If you've never seen it before, Othello is a great play, all about identity, ethnicity, gender relations - and, of course, misplaced trust and consequent jealousy. The 'green-eyed monster' looms large in both Iago (who has not been promoted, and is jealous (or at least envious) of Cassio, who has been promoted - by Othello) and Othello (whom Iago convinces has been cuckolded by his new, young beautiful wife, Desdemona - and Cassio). A tightly-woven plot! There are also those other famous quotations about loving not wisely but too well, and of course 'making the beast with two backs'.
A production of Othello stands or falls on the performance of Iago and his calculated revenge on Othello and Cassio (with the pure and loyal Desdemona (Eleanor Forrester) as the innocent victim; conveniently constructed as a sexual object). Iago speaks the most by far, needs to produce discreet facial expressions of twisted pleasure as his plan unfolds successfully, addresses the audience about what's in his mind, but all the while must not slip into melodrama. Paul Sellwood's Iago accomplishes all this (just managing to stay away from melodrama), and it is worth seeing this play just for his performance. As Iago's wife, Sarah Pearce is a convincing and tragic Emilia, who realises too late what her unpleasant husband is up to.
The production is characterised by a measure of gender-blind and race-blind casting: no surprises there, these days, except that Othello is played by the white Jon Coleman. The many references to Othello's blackness in the play are addressed by 'tribal' markings - seen first on Othello's face, and, as the play progresses, on his arm, back and chest - as Othello becomes further and further removed from a comfortable sense of himself as a successful Venetian general in a European setting. If there is a 'tragic flaw' here, it is surely naivete, but, more importantly, Othello's profound but underlying identity as (ethnic) 'other' can be seen as rendering him particularly vulnerable to Iago's lies. Jon Coleman takes Othello from a man of calm and dignity to the edge of jealous madness.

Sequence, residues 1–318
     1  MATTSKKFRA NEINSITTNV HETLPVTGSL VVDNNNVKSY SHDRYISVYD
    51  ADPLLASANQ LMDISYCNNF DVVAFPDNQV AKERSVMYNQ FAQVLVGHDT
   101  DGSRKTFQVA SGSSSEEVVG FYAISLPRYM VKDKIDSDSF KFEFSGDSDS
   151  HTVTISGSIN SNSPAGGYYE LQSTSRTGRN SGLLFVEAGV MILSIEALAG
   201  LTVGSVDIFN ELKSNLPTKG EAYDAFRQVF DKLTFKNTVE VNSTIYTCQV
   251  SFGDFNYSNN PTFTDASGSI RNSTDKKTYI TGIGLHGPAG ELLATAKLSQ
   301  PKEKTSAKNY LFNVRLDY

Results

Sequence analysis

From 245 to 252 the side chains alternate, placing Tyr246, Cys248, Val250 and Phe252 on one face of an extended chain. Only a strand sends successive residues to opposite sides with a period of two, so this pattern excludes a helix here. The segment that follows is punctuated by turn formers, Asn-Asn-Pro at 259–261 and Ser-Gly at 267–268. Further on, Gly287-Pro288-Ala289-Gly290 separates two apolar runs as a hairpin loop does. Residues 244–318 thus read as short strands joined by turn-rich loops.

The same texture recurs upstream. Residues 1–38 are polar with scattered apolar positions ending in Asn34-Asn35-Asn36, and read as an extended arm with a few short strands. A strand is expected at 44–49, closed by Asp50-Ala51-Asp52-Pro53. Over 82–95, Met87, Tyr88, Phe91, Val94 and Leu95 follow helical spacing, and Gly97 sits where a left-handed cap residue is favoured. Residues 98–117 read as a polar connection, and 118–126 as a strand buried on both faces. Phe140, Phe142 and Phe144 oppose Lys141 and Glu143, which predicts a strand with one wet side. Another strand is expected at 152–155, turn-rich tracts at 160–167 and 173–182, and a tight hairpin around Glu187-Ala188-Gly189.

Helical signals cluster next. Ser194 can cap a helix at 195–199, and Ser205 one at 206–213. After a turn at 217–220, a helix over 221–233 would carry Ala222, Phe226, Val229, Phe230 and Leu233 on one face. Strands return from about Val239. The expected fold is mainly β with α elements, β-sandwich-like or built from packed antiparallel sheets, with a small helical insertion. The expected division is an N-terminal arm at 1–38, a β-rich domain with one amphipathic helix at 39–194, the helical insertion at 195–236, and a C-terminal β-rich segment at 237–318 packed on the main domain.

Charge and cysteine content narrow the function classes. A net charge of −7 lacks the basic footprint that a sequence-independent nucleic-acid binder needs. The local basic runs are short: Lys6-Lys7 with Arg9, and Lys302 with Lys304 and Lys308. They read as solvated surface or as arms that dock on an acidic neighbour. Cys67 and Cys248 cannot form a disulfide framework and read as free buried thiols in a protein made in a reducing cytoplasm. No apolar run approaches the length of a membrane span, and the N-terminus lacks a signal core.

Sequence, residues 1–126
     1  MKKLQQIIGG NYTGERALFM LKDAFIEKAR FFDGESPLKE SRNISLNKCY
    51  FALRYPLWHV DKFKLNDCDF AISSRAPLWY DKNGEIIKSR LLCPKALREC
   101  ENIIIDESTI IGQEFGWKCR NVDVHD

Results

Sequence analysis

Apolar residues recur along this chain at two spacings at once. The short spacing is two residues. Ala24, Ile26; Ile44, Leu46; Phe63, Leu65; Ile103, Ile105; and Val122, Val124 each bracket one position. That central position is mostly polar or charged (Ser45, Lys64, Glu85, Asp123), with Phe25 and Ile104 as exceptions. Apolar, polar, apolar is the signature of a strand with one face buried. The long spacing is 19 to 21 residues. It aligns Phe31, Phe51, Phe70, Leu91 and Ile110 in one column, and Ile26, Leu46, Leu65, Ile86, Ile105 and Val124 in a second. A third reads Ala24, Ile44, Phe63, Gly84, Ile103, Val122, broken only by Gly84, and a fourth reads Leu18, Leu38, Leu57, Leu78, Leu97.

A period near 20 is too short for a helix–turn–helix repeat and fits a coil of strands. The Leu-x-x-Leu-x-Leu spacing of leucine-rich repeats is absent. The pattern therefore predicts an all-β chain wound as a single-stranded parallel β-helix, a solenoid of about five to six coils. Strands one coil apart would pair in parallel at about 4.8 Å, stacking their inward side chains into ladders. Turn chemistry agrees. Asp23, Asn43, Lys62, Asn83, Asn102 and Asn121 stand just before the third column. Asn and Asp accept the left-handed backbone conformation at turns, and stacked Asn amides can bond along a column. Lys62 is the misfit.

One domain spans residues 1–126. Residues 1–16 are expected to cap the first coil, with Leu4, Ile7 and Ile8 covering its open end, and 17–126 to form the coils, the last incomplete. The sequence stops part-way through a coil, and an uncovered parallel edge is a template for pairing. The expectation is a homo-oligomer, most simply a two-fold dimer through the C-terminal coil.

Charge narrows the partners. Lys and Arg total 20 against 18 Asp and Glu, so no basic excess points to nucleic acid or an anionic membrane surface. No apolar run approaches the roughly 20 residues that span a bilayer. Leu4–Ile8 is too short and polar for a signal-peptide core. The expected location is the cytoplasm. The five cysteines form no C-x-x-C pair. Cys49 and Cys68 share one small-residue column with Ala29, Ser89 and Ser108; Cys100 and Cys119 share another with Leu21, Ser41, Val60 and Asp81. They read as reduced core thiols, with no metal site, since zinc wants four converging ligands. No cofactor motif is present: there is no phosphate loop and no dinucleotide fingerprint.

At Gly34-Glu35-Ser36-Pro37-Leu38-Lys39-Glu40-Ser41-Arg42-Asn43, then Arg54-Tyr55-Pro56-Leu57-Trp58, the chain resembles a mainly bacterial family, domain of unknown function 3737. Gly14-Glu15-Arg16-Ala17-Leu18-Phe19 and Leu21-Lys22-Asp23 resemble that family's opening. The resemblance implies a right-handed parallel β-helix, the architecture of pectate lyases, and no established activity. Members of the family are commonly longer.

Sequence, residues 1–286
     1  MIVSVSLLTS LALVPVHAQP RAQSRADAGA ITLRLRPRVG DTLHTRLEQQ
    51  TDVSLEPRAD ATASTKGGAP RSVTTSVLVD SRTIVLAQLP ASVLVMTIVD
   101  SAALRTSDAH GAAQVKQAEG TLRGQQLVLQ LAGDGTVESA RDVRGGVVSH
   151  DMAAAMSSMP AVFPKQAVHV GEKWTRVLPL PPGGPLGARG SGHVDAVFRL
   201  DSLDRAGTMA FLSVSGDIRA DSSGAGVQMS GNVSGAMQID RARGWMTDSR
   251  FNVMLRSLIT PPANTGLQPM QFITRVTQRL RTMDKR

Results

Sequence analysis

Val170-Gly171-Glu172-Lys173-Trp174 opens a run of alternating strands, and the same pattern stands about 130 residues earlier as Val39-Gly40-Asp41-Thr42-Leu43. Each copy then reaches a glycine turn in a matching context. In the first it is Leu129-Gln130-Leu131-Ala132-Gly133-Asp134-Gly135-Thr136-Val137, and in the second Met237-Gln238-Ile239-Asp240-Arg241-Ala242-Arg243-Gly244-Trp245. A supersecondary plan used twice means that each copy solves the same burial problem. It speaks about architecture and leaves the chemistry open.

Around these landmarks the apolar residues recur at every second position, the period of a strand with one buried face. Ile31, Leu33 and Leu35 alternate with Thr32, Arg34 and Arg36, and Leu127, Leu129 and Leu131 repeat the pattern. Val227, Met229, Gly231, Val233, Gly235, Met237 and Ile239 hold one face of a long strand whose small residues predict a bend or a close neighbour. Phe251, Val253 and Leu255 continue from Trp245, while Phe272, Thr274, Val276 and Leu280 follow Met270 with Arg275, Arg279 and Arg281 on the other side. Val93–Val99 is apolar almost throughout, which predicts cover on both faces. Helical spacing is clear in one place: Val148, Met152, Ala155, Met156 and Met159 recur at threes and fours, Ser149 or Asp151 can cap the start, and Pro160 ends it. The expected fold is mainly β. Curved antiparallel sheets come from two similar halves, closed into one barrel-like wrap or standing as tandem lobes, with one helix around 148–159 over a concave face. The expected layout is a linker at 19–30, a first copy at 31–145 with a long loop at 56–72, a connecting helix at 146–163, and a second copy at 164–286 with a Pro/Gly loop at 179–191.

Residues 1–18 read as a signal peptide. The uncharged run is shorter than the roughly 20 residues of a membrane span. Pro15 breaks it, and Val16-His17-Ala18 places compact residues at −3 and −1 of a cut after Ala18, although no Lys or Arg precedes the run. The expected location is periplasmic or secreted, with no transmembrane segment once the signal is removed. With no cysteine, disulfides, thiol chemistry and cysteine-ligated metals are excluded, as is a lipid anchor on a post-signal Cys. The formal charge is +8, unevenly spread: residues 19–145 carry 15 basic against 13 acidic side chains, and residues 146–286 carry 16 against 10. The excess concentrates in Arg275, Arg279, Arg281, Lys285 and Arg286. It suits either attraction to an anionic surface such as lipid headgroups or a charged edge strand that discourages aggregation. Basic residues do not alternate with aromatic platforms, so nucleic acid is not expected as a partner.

This student drama group production is well worth seeing. It is not perfect - some lines are spoken too fast, and others too quietly. It is a long play, but well-paced, as it moves towards its inevitable tragic ending. And the characters are convincing enough to make you start hoping that Othello just might see reason before the end, or that Desdemona might just demand proof of her 'guilt' or at the least escape back to Venice on a ship. But they don't, and the last scene (and Eleanor Forrester is to be commended on her dying) is a genuinely moving one.
Tickets are all £6.00, on the door.